Republican presidential candidate Mitt Romney, left, and President Obama… (Saul Loeb, AFP/Getty Images )
NEW YORK — Looking back, the end of Wall Street's love affair with President Obama came at a meeting in the Oval Office.
Surrounded by 13 of the nation's biggest financial CEOs, Obama fired the first shot: "My administration is all that stands between you and the pitchforks." A few months later he tongue-lashed them as "fat cats" and struck a populist tone to raise taxes on the rich and slap tough new regulations on their businesses.
There was no surprise after all this that financial executives would respond with their checkbooks. For every dollar that Wall Street has given to Obama this election, it has given three to Romney.
Election day might mark the official breakup between Wall Street and Obama. But, with the race as tight as it is, the question is whether the lopsided Romney support will help the industry or cause it four more years of agony.
"Money always wants a seat at the table," said Jeff Connaughton, a former lobbyist and political aide who has written about Wall Street's influence in Washington. "If Obama wins a second term, Wall Street is going to want to have a seat at that table and not a reelected president who feels spiteful."
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Wall Street has plenty of reasons to support Romney, the former Massachusetts governor.
Obama and a Democratic Congress put in place a far-reaching overhaul of the financial system known as Dodd-Frank. Critics contend that the law adds burdensome regulations that squeeze profits and hinder recovery.
Obama also supports raising taxes on the wealthy and investment managers. He has sometimes struck a populist tone amid complaints by Occupy Wall Street activists and other critics that no senior executives have gone to jail for causing the financial crisis.
The financial sector has bet big on Romney. The industry — including insurance and real estate — has so far sent $52.4 million in campaign donations to Romney, according to data compiled by the Center for Responsive Politics. That's almost 19% more spent on ousting Obama than the $44.2 million the financial sector spent on putting him into the White House in 2008.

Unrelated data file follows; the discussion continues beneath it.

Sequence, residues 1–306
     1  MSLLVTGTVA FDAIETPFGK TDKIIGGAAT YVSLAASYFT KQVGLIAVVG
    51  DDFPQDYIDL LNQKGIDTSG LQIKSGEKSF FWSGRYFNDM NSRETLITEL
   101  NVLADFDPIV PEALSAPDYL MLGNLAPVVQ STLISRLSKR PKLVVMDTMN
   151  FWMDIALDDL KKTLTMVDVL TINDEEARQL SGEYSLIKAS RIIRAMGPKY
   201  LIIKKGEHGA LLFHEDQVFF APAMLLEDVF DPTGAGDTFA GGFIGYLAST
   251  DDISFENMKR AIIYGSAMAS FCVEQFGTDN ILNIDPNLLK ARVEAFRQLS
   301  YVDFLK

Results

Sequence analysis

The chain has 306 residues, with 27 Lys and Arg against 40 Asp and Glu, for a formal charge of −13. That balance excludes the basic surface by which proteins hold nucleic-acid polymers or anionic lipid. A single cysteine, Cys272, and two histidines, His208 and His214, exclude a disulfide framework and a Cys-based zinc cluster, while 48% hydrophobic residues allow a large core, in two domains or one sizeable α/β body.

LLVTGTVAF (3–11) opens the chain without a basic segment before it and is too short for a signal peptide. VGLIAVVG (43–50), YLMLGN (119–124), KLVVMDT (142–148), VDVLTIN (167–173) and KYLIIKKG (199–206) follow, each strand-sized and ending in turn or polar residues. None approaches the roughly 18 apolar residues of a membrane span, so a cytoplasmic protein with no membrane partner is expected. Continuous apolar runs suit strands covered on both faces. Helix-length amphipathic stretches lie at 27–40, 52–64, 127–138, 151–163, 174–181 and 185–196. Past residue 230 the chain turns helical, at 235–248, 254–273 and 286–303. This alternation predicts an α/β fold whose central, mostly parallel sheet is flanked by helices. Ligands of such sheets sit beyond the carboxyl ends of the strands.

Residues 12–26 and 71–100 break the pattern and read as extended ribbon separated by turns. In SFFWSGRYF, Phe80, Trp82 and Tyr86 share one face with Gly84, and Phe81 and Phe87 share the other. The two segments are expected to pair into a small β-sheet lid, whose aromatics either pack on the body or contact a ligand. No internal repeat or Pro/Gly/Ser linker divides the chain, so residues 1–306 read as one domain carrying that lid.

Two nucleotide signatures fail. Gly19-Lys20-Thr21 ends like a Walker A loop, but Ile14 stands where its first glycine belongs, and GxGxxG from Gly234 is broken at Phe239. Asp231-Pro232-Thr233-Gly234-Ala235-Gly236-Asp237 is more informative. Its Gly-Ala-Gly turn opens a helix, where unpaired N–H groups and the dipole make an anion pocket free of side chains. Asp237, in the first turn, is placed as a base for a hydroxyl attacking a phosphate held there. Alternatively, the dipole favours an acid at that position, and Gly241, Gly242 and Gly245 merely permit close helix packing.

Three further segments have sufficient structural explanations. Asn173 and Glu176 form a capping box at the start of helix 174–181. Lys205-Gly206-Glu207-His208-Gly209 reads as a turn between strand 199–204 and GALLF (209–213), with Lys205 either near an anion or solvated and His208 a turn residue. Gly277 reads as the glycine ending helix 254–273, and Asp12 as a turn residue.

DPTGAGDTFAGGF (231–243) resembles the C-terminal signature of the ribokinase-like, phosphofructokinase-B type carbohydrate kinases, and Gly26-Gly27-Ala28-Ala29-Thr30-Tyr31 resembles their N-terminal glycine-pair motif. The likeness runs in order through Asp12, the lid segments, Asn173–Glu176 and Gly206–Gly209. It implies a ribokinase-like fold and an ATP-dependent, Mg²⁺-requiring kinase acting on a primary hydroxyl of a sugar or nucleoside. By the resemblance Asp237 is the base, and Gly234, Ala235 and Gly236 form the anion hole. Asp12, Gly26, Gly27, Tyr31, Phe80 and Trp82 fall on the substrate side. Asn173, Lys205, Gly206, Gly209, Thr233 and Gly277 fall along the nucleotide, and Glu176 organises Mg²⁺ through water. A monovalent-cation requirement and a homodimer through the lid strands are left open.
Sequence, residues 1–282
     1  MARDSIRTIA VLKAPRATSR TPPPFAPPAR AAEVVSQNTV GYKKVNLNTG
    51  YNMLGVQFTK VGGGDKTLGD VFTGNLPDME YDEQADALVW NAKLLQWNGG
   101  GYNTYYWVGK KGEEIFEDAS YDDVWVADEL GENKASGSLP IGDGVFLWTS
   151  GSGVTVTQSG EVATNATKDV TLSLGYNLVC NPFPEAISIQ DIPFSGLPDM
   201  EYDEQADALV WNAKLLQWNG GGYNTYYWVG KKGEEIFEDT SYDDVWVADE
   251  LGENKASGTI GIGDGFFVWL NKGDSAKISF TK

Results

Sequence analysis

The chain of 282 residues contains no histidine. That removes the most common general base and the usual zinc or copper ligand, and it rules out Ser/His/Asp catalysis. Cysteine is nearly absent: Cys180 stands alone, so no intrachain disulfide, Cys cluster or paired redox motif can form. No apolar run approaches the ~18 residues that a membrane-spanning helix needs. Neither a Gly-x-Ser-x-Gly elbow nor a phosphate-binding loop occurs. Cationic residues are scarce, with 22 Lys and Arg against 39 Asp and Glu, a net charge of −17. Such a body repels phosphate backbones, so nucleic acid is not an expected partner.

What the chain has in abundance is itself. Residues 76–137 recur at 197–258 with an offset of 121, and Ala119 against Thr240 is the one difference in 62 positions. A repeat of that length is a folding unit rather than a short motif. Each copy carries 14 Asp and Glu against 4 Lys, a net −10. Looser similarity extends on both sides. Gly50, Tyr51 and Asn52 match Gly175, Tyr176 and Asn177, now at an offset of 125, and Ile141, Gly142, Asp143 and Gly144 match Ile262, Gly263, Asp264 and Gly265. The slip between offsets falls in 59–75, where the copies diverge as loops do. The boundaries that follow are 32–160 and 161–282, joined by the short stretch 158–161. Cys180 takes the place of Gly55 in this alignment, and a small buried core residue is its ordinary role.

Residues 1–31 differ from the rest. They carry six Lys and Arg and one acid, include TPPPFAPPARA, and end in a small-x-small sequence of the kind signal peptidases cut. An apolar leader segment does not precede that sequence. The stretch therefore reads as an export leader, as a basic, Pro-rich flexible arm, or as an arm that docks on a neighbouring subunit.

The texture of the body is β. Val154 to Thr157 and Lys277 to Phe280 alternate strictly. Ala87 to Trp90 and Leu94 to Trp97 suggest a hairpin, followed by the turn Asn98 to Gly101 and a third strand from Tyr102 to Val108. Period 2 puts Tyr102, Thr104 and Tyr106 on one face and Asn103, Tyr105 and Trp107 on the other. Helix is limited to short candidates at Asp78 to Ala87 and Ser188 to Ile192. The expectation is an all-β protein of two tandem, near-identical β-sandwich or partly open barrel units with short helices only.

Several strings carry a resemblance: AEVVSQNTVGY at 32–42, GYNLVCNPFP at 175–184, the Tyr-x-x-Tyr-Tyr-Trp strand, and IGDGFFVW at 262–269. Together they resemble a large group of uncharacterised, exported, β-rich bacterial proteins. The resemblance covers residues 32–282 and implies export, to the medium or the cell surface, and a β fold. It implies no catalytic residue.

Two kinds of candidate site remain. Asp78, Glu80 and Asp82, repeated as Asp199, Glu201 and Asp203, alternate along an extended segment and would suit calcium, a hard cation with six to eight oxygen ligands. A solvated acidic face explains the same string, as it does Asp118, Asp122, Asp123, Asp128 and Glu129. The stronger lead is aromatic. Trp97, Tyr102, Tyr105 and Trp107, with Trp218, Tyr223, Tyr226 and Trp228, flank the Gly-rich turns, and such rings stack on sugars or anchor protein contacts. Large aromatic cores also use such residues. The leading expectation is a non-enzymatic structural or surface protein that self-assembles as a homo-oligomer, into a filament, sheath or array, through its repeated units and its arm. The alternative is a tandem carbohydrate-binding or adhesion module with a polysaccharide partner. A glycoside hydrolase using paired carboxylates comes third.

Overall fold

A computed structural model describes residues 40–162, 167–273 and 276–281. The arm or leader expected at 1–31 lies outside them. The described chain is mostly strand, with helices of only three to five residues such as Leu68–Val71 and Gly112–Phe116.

If the president wins reelection, he wouldn't necessarily bring down the hammer on Wall Street. Even though Obama wouldn't be able to run again, congressional Democrats may still have to curry favor with the financial services industry, Connaughton noted.
Tuesday's election may be Wall Street's last chance to avoid the brunt of Dodd-Frank, many of whose regulations have yet to go into effect. Romney has said he would "repeal and replace" the law, saying he supports certain provisions. Regulators have yet to implement many Dodd-Frank rules, including the controversial Volcker Rule that would sharply limit firms' ability to trade with their own funds.
"The real hope is, certainly if Romney becomes president, that it just won't be enforced," said Michael Greenberger, a former top Commodity Futures Trading Commission regulator who teaches law at the University of Maryland. "Wall Street is angry — it's pinching them, it's reducing their profits."
A Romney fundraiser in New York City last month drew investment bankers, hedge fund managers and other financiers. Among financial luminaries were Bob Diamond, former chief executive of the British banking giant Barclays, and Paul Singer, the hedge fund mogul who recently made headlines for seizing one of Argentina's navy ships over unpaid bonds.
Attendees voiced agreement with Romney's tax policies, support of smaller government and disappointment with Obama's handling of the economy and how the president has worked with business leaders.
The Obama administration has "really been harassing businesses," Bob Israel, a private equity manager, said at the Oct. 15 fundraiser, as benefactors dropped contributions into silver punch bowls on the third floor of the glitzy Hilton New York hotel in Midtown Manhattan. "The history of our country is not to hold up wealthy people as villains but as beacons, as magnets, as examples that you'd want to emulate."
As co-founder of Bain Capital, Romney helped pioneer the practice of buying out companies, turning them around and selling for a profit. Wall Street may feel inherently more comfortable with Romney, who can see the country's ills through a financier's lens.
"There's a belief out there that the Obama administration really doesn't have a firm grasp on underlying economics," Todd Hagerman, a banking analyst with Sterne Agee, said in a phone interview.
Either way, Wall Street's support of Romney marks a sharp reversal from 2008, when the deep-pocketed industry supported Obama over Sen. John McCain (R-Ariz.).
Then, donors in the securities and investment industries gave $16.6 million to Obama's campaign, but only $9.7 million to McCain's, according to data from the Center for Responsive Politics. The category includes employees of such firms as venture capital, hedge funds, stock exchanges and investment banks.